Yes and no. If the switch is a simple layer 2 switch then the router must perform the function to move data between the 2 vlans. The router does not have to have actual physical interfaces it can be done virtually but they function the same. It is much more common to use vlan tagging share a single connection to the router. This is what cisco calls a trunk but other vendor use this term related to port aggregation.

In most cases though you use a multi-layer switch... which very technically is a router to have virtual interfaces on each vlan and be the gateway for those subnets. Layer 3 switches tend to be wire speed where many routers are still cpu based. This is where things get very complex because many layer 3 switch do not support NAT or VPN or other things a "router" does. It has become much less clear the difference between a router and a layer 3 switch. In older days where connections were delivered on things other ethernet or gigabit fiber you used to use a router to support these technologies. Things like OC3 or DS3 or even simple T1/E1 needed special physical interfaces and you could not generally get those interfaces for switch.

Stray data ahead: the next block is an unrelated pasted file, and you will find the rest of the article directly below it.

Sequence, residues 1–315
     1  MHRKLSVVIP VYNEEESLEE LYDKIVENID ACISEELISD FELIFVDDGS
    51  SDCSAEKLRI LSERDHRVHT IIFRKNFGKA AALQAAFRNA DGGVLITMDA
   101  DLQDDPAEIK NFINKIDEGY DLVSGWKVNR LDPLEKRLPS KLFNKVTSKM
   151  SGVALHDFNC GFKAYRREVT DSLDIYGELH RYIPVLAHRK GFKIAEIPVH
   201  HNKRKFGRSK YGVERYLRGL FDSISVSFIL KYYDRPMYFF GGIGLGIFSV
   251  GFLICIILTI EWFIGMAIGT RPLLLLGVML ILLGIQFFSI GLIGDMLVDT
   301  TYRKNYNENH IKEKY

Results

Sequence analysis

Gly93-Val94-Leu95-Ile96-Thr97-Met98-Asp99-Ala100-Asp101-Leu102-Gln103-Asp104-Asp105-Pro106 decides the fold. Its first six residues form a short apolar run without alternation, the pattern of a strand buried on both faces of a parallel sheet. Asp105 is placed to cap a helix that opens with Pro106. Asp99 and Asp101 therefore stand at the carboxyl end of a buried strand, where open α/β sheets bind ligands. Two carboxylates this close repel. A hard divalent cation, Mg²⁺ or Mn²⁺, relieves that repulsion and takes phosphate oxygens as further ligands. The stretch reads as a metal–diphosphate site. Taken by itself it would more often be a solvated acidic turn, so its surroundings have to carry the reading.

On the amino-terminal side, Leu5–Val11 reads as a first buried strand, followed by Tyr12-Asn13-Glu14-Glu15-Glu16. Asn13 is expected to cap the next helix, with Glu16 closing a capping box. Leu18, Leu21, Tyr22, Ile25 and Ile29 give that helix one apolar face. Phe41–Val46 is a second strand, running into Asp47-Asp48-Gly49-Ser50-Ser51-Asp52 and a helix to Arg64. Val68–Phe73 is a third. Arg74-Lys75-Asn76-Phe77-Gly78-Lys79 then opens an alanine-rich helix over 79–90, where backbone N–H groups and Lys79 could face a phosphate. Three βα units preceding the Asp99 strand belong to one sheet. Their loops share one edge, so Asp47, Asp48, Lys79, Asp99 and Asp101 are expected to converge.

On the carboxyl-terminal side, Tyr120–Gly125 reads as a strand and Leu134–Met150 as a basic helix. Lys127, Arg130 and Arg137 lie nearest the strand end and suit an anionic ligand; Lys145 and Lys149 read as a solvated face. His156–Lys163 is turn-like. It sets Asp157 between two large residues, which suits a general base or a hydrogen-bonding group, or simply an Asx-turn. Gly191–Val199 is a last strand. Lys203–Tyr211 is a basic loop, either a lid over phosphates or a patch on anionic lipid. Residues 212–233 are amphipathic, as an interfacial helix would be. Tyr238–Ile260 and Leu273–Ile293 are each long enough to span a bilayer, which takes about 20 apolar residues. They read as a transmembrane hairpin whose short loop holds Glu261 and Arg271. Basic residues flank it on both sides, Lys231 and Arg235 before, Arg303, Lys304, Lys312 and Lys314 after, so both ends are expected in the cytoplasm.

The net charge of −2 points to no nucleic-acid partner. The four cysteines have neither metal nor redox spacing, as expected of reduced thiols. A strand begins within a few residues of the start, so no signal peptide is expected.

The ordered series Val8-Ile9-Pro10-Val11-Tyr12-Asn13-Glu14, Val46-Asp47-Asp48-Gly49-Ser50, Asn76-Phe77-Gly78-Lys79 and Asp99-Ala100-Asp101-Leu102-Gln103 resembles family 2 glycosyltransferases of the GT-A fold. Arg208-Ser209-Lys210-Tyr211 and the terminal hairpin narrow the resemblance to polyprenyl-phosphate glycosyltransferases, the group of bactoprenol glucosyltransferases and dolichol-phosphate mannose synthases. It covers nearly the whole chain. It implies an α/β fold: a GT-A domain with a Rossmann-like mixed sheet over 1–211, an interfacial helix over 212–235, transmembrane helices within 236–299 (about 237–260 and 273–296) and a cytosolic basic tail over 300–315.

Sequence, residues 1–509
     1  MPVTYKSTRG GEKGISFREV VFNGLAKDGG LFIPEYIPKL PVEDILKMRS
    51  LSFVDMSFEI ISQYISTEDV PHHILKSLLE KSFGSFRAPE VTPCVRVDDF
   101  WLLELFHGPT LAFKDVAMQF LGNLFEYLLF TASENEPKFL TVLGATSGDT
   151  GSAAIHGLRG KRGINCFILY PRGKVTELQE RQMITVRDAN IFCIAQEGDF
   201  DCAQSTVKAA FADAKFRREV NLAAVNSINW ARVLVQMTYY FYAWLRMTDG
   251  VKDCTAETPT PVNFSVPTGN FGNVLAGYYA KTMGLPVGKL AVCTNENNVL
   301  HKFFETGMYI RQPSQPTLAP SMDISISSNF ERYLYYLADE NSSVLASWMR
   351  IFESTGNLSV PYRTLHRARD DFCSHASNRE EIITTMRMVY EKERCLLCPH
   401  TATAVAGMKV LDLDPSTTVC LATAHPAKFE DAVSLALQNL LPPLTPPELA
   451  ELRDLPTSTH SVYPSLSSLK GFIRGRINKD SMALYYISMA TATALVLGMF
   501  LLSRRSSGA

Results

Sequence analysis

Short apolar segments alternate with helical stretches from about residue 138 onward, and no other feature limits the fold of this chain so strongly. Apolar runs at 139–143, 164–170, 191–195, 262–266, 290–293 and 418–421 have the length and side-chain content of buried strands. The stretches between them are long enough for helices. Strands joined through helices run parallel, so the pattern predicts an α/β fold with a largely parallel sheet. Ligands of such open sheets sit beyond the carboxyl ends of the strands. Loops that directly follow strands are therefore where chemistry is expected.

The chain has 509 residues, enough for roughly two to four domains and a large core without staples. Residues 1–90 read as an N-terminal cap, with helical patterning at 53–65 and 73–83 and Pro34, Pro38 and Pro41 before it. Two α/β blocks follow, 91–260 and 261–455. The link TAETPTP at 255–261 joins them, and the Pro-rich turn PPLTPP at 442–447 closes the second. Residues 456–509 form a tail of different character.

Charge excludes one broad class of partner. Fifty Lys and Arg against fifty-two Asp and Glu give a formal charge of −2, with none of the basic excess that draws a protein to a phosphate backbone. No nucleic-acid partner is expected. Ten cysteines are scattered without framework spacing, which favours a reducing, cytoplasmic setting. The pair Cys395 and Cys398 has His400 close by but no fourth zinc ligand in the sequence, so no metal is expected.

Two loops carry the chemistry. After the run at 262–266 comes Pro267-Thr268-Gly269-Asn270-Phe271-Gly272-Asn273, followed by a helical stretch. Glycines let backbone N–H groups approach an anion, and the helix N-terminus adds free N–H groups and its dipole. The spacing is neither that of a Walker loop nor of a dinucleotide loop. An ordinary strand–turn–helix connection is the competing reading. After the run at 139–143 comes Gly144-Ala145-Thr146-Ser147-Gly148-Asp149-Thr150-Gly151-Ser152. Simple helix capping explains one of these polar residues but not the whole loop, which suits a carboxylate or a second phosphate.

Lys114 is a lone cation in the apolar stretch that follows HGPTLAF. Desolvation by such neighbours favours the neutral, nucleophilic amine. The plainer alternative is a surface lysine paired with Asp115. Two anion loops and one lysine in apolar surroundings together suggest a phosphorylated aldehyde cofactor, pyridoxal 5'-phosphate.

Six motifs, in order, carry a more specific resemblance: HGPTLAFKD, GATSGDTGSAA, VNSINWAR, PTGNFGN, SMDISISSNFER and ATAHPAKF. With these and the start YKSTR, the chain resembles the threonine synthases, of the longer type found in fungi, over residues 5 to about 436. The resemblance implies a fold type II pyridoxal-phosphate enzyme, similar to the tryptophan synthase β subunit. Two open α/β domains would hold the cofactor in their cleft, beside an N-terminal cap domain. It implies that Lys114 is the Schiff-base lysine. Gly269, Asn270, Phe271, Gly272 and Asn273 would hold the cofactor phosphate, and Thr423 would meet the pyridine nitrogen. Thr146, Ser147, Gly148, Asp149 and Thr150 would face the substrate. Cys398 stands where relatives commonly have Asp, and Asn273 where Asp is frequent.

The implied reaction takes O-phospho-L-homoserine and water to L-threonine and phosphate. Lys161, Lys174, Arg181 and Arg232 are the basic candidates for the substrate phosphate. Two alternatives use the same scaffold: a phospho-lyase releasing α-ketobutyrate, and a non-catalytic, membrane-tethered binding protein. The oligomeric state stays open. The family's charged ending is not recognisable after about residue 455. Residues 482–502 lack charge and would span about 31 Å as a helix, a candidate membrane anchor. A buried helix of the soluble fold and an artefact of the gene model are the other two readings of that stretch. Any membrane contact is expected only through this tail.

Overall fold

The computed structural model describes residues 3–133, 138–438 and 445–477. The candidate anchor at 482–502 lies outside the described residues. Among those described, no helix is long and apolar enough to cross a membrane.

Hello everyone,

So I am going through some networking books and it is my first time really diving into VLANs. My current understanding (and please correct me if I am incorrect) is that subnets allow a single LAN to be divided up into separate LANs through the use of subnetting. VLANs allow you to make one switch essentially operate as if it were multiple switches. (Ex: Using multiple subnets on the same switch while maintaining separate layer 2 broadcast domains).

My question is, is it possible to separate addresses within the same subnet into separate VLANs? For example if I had a 192.168.1.x network with no subnetting. Can I split them up into different VLANs on a single switch? Or does each VLAN need its own distinct subnet?
Think of the vlan as the exact same as any subnet. You can just make many on one device. You have to route between them to make them connect. The network mask is what determines the number of addresses in any subnet. You can create any vlan as long as you don't overlap ips. It's helpful to have them under a large CIDR for routing purposes. lets say router A routes to 10 vlans inside the same CIDR range. router B doesn't care which vlan it's going to it just sends it to router A if the destination is in the larger CIDR. If router A had many ips not in the same CIDR you would have to fill your routing tables with more lines.